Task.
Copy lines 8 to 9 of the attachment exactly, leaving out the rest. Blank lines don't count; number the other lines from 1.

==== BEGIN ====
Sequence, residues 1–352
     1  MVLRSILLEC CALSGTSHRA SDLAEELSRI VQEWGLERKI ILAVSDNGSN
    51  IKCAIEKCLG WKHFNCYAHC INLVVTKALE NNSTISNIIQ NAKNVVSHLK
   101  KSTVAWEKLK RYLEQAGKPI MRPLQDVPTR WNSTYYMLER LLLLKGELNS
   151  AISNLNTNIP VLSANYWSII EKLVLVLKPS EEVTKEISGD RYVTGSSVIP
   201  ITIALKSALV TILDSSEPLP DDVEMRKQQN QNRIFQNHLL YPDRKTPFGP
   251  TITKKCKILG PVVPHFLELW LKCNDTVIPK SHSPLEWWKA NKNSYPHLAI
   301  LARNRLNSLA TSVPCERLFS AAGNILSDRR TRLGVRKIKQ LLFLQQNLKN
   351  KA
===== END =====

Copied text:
   301  LARNRLNSLA TSVPCERLFS AAGNILSDRR TRLGVRKIKQ LLFLQQNLKN
   351  KA